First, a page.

The Big Three – Which Telescope Should I Buy?

Deciding which type of telescope to buy is no easy decision. There are many factors to consider but the first is likely what type of telescope to buy.

There are three main types of optical telescopes to consider. The types are defined by how the light is processed by the device.

  • Refractor telescopes use lenses (dioptrics).
  • Reflector telescopes use mirrors (catoptrics).
  • Catadioptric telescopes use both lenses and mirrors.


Refractor Telescopes

A refractor telescope uses lenses to collect and focus light.

A refractor telescope uses lenses to collect and focus light. These type of telescopes are known as dioptrics. The very first telescopes were refractor telescopes. Galileo Galilei, based only on descriptions of the first practical telescope created by Hans Lippershey, made a telescope in 1609 with about 3x magnification, though he eventually improved it to bout 30x.

Though the image was warped and blurry, Galileo was still able to see Venus, the Moon, and the moons around Jupiter.

How Does a Refracting Telescope Work?

A refractor telescope use two lenses to bend the light into focus. One lens, the objective lens, is fixed to the end of the tube and the other lens is in the eyepiece and is responsible for magnification.

The objective lens gathers the light and brings it into the tube. It creates the real image in the tube. at the focal point the real image become a virtual image that the eyepiece can then magnify. The bigger the objective lens is, the more light it can collect, which in turn makes it able to see thing farther away and with greater detail.

What Makes a Refracting Telescope Good?

When it comes to judging the quality of a refracting telescope, the main factors to consider are the quality of the lens, the diameter of the lens and the magnification of the eyepiece.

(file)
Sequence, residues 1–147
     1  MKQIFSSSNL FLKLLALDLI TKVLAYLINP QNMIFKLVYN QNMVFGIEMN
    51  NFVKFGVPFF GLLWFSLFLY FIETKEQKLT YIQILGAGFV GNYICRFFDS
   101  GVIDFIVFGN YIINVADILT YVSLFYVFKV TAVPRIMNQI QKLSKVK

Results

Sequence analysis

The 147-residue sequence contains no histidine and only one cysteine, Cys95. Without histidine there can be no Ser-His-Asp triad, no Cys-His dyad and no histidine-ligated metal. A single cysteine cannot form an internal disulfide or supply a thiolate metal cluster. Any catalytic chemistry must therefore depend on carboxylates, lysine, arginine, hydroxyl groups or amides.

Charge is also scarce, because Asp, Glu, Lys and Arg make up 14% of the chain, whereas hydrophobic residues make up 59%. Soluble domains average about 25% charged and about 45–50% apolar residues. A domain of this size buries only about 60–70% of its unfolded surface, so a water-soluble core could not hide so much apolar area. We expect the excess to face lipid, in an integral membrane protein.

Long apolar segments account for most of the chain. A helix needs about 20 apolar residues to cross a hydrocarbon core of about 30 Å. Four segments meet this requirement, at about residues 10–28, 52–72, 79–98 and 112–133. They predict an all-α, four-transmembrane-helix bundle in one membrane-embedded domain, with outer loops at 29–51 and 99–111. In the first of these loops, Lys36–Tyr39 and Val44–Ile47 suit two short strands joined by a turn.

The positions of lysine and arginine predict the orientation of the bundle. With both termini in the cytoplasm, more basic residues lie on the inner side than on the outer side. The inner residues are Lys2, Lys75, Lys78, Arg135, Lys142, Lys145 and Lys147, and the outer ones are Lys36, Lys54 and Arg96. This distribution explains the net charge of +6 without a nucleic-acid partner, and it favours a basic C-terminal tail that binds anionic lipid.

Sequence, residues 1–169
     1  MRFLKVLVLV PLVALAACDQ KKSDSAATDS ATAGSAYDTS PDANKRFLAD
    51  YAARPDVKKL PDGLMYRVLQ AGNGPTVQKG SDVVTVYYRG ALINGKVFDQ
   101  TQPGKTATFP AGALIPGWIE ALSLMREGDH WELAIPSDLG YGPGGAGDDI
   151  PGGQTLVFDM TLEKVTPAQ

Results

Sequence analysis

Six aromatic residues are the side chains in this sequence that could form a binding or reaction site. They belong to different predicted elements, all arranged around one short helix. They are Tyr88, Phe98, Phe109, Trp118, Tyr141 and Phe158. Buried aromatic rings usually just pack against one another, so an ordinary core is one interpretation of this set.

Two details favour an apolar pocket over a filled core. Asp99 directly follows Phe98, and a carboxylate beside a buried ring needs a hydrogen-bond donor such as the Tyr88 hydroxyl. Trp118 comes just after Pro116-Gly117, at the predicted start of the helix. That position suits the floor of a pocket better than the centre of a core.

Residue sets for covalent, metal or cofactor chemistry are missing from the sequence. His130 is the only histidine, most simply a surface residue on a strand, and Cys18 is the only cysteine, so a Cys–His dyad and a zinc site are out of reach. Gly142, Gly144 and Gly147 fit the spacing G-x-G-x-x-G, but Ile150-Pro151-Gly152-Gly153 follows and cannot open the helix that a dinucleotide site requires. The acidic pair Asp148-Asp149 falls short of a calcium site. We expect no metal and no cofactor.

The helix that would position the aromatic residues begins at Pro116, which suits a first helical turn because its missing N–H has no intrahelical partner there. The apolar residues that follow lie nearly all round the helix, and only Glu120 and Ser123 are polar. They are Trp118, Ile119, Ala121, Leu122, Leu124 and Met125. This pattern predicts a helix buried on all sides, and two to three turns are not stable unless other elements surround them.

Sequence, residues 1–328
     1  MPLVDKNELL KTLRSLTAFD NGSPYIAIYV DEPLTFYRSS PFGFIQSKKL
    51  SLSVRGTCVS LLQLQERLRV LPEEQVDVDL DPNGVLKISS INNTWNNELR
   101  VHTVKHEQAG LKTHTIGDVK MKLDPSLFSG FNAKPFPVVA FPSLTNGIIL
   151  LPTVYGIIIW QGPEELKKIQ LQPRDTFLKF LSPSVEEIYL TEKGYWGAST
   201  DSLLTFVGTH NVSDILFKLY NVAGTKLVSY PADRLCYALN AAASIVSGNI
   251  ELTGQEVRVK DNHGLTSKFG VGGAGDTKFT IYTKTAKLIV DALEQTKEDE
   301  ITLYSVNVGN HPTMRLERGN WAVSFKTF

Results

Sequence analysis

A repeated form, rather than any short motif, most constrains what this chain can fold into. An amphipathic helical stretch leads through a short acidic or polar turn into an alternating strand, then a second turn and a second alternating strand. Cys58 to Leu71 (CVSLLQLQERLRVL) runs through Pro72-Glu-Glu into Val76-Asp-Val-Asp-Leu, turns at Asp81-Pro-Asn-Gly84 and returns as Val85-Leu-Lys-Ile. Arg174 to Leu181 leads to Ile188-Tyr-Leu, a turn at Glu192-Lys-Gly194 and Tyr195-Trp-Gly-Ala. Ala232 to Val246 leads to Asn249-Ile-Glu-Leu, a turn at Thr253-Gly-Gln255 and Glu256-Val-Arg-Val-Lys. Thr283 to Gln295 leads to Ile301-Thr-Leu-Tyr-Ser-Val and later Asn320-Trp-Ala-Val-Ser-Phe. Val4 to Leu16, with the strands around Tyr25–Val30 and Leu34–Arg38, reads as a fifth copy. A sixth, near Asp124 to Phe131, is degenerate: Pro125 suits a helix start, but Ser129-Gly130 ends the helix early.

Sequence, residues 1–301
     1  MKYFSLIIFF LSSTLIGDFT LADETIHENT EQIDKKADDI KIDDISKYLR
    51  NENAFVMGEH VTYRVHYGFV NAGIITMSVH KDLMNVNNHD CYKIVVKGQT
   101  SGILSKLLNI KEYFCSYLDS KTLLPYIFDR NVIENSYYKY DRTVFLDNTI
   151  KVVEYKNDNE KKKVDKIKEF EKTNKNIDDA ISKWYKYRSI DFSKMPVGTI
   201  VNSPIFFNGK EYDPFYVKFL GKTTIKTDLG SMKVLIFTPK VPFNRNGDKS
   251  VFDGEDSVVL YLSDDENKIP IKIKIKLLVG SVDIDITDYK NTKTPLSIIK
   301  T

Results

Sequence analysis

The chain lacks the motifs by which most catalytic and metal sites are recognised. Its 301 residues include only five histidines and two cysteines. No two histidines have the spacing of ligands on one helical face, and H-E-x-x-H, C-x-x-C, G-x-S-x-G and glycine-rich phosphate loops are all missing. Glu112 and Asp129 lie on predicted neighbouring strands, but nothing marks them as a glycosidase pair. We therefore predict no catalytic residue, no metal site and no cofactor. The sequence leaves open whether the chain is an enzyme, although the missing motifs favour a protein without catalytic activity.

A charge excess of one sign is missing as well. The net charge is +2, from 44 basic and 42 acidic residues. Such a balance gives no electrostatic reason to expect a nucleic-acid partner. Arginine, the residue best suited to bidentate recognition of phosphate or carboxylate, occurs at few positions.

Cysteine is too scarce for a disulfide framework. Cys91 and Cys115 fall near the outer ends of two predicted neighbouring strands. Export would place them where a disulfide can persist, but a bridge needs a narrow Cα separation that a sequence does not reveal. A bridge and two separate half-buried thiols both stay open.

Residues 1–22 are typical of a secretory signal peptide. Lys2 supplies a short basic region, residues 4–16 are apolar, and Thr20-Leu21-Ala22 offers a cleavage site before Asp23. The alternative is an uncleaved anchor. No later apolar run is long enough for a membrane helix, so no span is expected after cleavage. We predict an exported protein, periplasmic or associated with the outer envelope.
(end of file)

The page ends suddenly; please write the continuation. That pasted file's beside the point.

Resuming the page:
Quality of the Lens

The quality of the lens dictates the quality of the image. It is really that simple. A bad quality lens will give you a warped and distorted image. Imperfections in the lens from the manufacturing process are the culprit here. If you wear glasses, imagine a scratch on the lens. Besides driving you crazy, the image that comes through the scratch will interrupt the real image, distorting the quality.

Diameter of the Lens

Size does matter, at least when it come to the size of your objective lens. The more light an objective lens can gather the more detail it can gather. A 12cm objective lens will result in a 9x increase in quality over a 4cm lens. The diameter of the objective lens is called the aperture.


The eyepiece magnifies the virtual image to the eye. Magnification has limits though and that manifests itself in the quality of the image. The amount of magnification that can be used is directly related to the aperture of the objective lens.
Aperture and magnification are the two more important consideration when choosing a refractor telescope. These two ideas will be the deciding factors on what you can see in the night sky as well as how well you can see them.
Although, they are important, there are other considerations for refractor telescopes. This brings us to the idea of focal length.

Focal Length